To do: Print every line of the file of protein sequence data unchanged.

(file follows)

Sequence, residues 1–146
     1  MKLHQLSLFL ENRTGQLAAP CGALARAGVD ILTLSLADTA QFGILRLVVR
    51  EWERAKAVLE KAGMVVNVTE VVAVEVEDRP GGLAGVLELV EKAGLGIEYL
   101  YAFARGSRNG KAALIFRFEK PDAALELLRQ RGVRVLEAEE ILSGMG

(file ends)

Sequence, residues 1–146
     1  MKLHQLSLFL ENRTGQLAAP CGALARAGVD ILTLSLADTA QFGILRLVVR
    51  EWERAKAVLE KAGMVVNVTE VVAVEVEDRP GGLAGVLELV EKAGLGIEYL
   101  YAFARGSRNG KAALIFRFEK PDAALELLRQ RGVRVLEAEE ILSGMG